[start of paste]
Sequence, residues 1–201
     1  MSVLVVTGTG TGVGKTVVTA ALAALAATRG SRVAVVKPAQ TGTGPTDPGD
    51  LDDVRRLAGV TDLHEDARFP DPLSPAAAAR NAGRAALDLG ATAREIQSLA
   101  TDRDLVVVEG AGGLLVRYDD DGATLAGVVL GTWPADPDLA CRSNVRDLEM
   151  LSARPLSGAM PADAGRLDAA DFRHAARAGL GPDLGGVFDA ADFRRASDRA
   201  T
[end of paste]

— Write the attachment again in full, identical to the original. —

Sequence, residues 1–201
     1  MSVLVVTGTG TGVGKTVVTA ALAALAATRG SRVAVVKPAQ TGTGPTDPGD
    51  LDDVRRLAGV TDLHEDARFP DPLSPAAAAR NAGRAALDLG ATAREIQSLA
   101  TDRDLVVVEG AGGLLVRYDD DGATLAGVVL GTWPADPDLA CRSNVRDLEM
   151  LSARPLSGAM PADAGRLDAA DFRHAARAGL GPDLGGVFDA ADFRRASDRA
   201  T